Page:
A garage cashier has narrowly avoided jail for his part in a fuel card cloning scam in which £30,000 of petrol and diesel was stolen from forecourts across Birmingham.
Khaled Abdulkawi cloned at least 46 cards at the Esso Falcon Service Station, Halesowen, and passed them to accomplices who topped up their tanks at the expense of companies signed up to the Allstar Fuel Card scheme.
The 26-year-old, from Dorothy Adams Close in Cradley Heath, copied the cards between November 2013 and May 2014 before two men used them repeatedly at regional garages, primarily in Washwood Heath and Erdington.
One of the suspected thieves – a 38-year-old man from Hodge Hill – was arrested in April after CCTV footage was released by West Midlands Police of men caught on camera using duplicate cards. He has been bailed till later this month while the other (pictured) remains outstanding.
Abdulkawi admitted three counts of fraud and at Birmingham Crown Court on 23 July was given an 18-month jail sentence, suspended for two years, and ordered to carry out 300 hours of unpaid community work.
DC Launa Rowley from the Economic Crime Unit, said: “The scam was identified after some fuel card customers reported strange transactions on their accounts – but whenever one of the cards became ‘hot’ the fraudsters moved onto the next card cloned by Abdulkawi in order to keep the con going.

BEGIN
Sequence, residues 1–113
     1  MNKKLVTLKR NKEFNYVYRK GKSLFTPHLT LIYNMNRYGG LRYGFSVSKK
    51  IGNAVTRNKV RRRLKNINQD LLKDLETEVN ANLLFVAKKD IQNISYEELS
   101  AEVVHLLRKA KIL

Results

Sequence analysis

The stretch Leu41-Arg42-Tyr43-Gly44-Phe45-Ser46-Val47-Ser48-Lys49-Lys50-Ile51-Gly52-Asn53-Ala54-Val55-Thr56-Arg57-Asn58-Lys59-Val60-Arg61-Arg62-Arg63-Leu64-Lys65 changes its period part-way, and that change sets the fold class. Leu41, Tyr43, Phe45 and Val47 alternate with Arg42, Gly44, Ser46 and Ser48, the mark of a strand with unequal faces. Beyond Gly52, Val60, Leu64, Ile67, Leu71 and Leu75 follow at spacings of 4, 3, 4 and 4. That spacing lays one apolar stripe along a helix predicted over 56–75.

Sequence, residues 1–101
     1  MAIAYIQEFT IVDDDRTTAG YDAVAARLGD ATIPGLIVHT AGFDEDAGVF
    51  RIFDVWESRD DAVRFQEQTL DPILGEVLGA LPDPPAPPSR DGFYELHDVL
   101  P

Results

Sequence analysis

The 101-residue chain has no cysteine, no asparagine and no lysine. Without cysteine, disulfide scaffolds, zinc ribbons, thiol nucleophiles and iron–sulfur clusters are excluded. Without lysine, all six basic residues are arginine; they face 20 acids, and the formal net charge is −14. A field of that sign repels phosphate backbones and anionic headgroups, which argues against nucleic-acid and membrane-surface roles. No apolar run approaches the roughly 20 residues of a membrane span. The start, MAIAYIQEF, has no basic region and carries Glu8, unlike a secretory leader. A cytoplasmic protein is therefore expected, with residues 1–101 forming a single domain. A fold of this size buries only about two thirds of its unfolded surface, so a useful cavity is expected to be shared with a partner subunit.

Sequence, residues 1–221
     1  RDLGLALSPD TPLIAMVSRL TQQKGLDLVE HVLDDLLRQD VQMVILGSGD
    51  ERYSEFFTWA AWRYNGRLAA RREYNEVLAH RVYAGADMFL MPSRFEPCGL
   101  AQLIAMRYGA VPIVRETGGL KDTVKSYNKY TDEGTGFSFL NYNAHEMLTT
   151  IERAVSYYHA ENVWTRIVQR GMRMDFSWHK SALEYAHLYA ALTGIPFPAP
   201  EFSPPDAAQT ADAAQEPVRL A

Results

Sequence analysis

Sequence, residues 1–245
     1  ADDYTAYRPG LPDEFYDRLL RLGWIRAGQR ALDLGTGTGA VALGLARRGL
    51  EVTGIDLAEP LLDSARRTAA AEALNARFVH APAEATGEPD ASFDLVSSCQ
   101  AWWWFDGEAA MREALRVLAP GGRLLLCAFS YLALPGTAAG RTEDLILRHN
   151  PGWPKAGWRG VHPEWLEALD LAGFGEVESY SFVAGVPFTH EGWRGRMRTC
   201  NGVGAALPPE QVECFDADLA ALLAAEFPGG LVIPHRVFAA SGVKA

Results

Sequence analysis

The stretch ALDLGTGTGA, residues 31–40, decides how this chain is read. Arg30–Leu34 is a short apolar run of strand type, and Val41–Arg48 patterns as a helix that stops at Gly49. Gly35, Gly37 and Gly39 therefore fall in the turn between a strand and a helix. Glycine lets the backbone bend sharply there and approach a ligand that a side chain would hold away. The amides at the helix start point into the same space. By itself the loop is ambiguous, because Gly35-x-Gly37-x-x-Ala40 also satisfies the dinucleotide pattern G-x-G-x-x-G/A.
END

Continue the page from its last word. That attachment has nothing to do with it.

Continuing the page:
“That’s why they were able to rack up such a large quantity of stolen fuel over a period of many months.
“I’m still looking for information on one man suspected of being involved in the con and who was caught on a shop camera offering a cloned card as payment. If anyone recognises the man I’d urge them to call me on the 101 number.”
The man police want to speak to is described as white, aged in his late 20s or early 30s, slim build, with short reddish-brown hair with a side parting. He is often seen wearing a dark blue or grey parka-style coat with a fur hood and toggle fastenings on the front, or a fawn and brown hooded top with shoulder patches.
Anyone who believes they recognise him is asked to call the Economic Crime Unit at West Midlands Police on the 101 number, or the independent charity Crimestoppers anonymously on 0800 555111.